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Fat Cat Pay: Business Secretary Vince Cable Announces Reforms to Curb Executive Pay

Posted on the 24 January 2012 by Periscope @periscopepost
Fat cat pay: Business Secretary Vince Cable announces reforms to curb executive pay

Executive pay: Money to burn? Photo credit: lesum via Flickr

Business Secretary Vince Cable has announced plans to curb corporate excess, taking aim at so-called “fat cat pay.” Under the proposals, shareholders would have increased powers over executive pay and bonuses. Cable also set out measures to provide greater transparency and more diverse boards, as well as avoiding conflicts of interest on remuneration committees.

Writing in The Times (£), Miles Costello described Cable’s plans as “the most radical reforms in a decade.” But some commentators have argued that the proposals simply don’t go far enough. Labour Shadow Business Secretary Chuka Umunna insisted that further reforms were needed: “Excessive pay and rewards for failure are bad for business, the economy and society at large”, said Umunna, reported the BBC. By contrast, some critics suggested that executive pay is not a matter for government control.

Government should back off. “Making executive pay the business of government sets a dangerous precedent. It feeds resentment, adds to the pressure for further interference and sends the impression that Britain is not open for business”, said a Telegraph editorial, arguing that the government shouldn’t give in to “populist pressure.” According to the editorial, the answer is not government intervention but free market principles: “Executives should be paid according to the profits they make. The greater the returns, the more the economy benefits – and the more the state receives in tax.”

“We cannot continue to see chief executives’ pay rising at 13% a year while the performance of companies on the stock exchange languishes well behind”, said Cable, reported the BBC.

Give reforms a chance. A Daily Mail editorial expressed scepticism that Cable’s proposed reforms would actually prove effective, but argued that the plans should be given a chance. “With their knee-jerk condemnation, aren’t his critics ignoring the fact that reform is long overdue to a system that offers lavish rewards for failure?” The Mail said that Cable wasn’t actually trying to “micro-manage” companies’ remuneration structures, but was aiming to ensure shareholders had a greater say.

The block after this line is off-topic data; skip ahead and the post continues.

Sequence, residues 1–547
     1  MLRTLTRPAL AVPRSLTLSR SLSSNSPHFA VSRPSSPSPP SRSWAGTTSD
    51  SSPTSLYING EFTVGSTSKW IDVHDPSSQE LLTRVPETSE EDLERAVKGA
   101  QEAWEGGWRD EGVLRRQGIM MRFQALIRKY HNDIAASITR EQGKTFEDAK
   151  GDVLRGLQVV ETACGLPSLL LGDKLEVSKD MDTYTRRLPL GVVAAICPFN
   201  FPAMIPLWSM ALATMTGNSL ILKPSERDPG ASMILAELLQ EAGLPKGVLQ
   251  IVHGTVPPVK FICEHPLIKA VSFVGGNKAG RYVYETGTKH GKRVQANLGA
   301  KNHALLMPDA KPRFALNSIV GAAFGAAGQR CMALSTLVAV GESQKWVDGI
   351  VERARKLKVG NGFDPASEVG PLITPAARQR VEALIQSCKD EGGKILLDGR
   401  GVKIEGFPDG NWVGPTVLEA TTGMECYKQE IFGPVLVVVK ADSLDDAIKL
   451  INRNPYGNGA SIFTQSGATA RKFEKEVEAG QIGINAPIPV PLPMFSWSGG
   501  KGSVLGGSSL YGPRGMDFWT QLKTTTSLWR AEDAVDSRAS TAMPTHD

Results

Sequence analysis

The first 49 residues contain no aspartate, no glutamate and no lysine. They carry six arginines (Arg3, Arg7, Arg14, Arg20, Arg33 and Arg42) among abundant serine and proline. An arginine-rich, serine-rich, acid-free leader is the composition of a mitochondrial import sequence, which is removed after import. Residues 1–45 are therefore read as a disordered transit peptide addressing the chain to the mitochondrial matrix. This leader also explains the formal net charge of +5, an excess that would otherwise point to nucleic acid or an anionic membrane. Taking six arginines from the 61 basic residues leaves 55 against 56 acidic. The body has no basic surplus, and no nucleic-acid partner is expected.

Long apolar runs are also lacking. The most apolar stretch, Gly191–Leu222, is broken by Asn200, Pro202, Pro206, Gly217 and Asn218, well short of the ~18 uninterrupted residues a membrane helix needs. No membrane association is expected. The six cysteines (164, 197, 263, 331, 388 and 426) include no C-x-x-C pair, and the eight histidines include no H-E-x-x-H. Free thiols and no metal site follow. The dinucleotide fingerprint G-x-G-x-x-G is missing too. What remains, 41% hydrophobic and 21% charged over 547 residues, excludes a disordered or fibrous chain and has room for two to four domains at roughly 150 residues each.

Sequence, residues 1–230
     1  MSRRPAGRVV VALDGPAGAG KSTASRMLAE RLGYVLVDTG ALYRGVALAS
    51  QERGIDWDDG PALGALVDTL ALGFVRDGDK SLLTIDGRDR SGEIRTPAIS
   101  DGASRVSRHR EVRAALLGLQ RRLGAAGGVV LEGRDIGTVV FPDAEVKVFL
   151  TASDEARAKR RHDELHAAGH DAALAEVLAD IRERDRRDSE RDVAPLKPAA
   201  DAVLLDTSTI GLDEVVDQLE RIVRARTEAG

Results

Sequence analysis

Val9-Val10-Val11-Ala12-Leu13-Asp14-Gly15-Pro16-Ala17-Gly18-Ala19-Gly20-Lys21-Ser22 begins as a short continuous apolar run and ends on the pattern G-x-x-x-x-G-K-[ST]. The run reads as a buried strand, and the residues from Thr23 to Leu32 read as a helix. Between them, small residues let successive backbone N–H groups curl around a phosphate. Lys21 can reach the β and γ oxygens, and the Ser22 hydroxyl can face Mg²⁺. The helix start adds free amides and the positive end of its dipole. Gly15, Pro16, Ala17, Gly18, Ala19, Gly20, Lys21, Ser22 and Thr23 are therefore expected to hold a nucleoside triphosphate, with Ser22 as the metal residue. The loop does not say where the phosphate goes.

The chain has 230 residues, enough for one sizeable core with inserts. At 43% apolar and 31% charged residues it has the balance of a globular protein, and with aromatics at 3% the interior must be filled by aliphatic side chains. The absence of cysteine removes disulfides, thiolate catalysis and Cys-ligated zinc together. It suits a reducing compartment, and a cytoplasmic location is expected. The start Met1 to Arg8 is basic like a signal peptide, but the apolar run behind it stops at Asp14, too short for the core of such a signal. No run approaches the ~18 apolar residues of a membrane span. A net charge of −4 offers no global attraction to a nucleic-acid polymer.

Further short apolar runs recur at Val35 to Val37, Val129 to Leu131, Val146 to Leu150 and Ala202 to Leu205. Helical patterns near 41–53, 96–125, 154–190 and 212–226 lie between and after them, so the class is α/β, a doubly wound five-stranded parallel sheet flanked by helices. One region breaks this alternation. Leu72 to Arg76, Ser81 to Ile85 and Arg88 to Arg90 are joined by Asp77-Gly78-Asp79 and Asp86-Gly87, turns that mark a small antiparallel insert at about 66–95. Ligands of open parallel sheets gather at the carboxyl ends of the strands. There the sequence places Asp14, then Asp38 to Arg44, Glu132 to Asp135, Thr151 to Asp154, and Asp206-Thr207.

Writing in The Telegraph, Mark Field pointed out that former Royal Bank of Scotland chief executive Sir Fred Goodwin receives a pension of £700,000 per year from the bank. “No one should forget that Sir Fred’s stewardship of RBS was a monumental failure – the worst collapse in this country’s corporate history”, said Field.

Corporate responsibility. “The Government’s reforms will do nothing to prevent outrageous financial rewards continuing to be enjoyed by an elite few unless the owners of big companies begin flexing their muscles”, wrote Mark Kleinman on a Sky News blog. Kleinman said that investors need to take responsibility for outsized bonuses and pay deals.

Government should go further. “The income of corporate executives, which the business secretary Vince Cable has just failed to address, is a form of institutionalised theft, arranged by a kleptocratic class for the benefit of its members”, wrote George Monbiot on The Guardian’s Comment is Free. Monbiot argued that Cable’s plans are “useless” and put forward a more radical proposal: imposing a “maximum wage” of £500,000. “The feeble measures proposed by the government will do nothing to prevent the great pay robbery”, said Monbiot.

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